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Archive for June, 2011

The Madonie Mountains are part of the extensive northern mountain range of Sicily which also includes the Nebrodi and Mt Etna National Parks.
It is an area of an ever changing landscape of wooded forests, green pastures, winding roads, stunning views and towns perched amongst the mountains.The towns are all well preserved and because of their isolation, still maintain their local traditions and culture.

From Castelbuono, we get our first glimpse of the countryside as we approach Isnello.

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Isnello

Driving further into the Madonie Park, we pass beautiful woods and running streams.
The sun shines through throwing dappled light over the area.

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Even the road signs have changed. We must be on the look out for deer!
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As we drive higher, the woods disappear and sparse rocky vegetation takes over, though a few spring flowers brighten the landscape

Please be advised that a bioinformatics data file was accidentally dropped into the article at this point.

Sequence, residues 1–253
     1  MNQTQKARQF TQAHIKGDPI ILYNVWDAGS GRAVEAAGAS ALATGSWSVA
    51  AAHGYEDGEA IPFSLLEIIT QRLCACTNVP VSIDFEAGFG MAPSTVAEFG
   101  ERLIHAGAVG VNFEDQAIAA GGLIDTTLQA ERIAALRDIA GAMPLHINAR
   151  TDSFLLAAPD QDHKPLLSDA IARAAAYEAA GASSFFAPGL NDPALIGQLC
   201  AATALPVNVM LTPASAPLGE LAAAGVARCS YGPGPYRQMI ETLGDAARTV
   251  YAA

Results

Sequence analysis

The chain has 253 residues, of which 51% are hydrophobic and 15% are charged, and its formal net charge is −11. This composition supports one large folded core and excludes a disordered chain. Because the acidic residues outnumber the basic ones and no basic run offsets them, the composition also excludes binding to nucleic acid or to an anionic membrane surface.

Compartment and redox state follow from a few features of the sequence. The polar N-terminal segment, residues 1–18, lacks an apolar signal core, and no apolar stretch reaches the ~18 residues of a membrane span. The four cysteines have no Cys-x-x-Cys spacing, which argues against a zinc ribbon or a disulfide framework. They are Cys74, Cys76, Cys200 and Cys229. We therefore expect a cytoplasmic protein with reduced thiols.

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We are nearly to the top of Piano Battiglia, 1619 metres above sea level. This is a popular area for hiking in summer and skiing in winter.

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Once we have reached this level, it is an easy drive to the towns of the Madonie.
After a quick visit to Polizzi Generosa we drive to the two Petralie- Petralia Soprana and Pettralia Sottana

Though linked together, their history is very different. Petralia Soprana is the oldest town, having been an important Greek and Phoenician city. It then fell into Roman hands followed by the Arabs and the Normans whilst Petralia Sottana was established in the 14th century. Eventually both cities were taken over by noble families. They still retain their medieval charm, full of narrow streets, stone houses and many churches.